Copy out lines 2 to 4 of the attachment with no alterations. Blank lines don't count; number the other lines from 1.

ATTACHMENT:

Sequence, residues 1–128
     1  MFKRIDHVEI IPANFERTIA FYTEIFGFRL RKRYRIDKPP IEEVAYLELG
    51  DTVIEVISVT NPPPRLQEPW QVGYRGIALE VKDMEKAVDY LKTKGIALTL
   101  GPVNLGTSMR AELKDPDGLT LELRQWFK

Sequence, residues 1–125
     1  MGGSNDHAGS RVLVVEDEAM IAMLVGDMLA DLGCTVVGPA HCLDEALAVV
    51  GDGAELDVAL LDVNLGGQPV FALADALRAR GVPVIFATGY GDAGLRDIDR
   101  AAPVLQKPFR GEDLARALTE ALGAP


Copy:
     1  MFKRIDHVEI IPANFERTIA FYTEIFGFRL RKRYRIDKPP IEEVAYLELG
    51  DTVIEVISVT NPPPRLQEPW QVGYRGIALE VKDMEKAVDY LKTKGIALTL
   101  GPVNLGTSMR AELKDPDGLT LELRQWFK